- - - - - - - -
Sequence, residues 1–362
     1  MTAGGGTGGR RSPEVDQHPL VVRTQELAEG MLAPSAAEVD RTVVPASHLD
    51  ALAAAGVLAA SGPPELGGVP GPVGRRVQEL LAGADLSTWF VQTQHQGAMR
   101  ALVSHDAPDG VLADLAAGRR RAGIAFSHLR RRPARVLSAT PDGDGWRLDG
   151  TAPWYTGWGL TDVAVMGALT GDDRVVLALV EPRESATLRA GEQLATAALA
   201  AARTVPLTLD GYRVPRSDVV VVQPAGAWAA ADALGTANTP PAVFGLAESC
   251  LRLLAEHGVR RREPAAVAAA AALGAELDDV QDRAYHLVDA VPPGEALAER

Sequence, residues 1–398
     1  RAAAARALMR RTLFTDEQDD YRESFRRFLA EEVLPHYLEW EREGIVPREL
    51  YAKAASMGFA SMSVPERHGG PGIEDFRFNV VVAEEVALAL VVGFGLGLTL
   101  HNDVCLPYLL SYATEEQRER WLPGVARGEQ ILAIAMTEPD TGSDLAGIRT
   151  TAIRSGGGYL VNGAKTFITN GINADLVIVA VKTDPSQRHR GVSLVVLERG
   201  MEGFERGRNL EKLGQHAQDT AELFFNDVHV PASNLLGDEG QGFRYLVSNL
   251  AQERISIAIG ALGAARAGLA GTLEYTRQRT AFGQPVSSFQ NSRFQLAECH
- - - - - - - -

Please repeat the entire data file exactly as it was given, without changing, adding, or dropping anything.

Sequence, residues 1–362
     1  MTAGGGTGGR RSPEVDQHPL VVRTQELAEG MLAPSAAEVD RTVVPASHLD
    51  ALAAAGVLAA SGPPELGGVP GPVGRRVQEL LAGADLSTWF VQTQHQGAMR
   101  ALVSHDAPDG VLADLAAGRR RAGIAFSHLR RRPARVLSAT PDGDGWRLDG
   151  TAPWYTGWGL TDVAVMGALT GDDRVVLALV EPRESATLRA GEQLATAALA
   201  AARTVPLTLD GYRVPRSDVV VVQPAGAWAA ADALGTANTP PAVFGLAESC
   251  LRLLAEHGVR RREPAAVAAA AALGAELDDV QDRAYHLVDA VPPGEALAER

Sequence, residues 1–398
     1  RAAAARALMR RTLFTDEQDD YRESFRRFLA EEVLPHYLEW EREGIVPREL
    51  YAKAASMGFA SMSVPERHGG PGIEDFRFNV VVAEEVALAL VVGFGLGLTL
   101  HNDVCLPYLL SYATEEQRER WLPGVARGEQ ILAIAMTEPD TGSDLAGIRT
   151  TAIRSGGGYL VNGAKTFITN GINADLVIVA VKTDPSQRHR GVSLVVLERG
   201  MEGFERGRNL EKLGQHAQDT AELFFNDVHV PASNLLGDEG QGFRYLVSNL
   251  AQERISIAIG ALGAARAGLA GTLEYTRQRT AFGQPVSSFQ NSRFQLAECH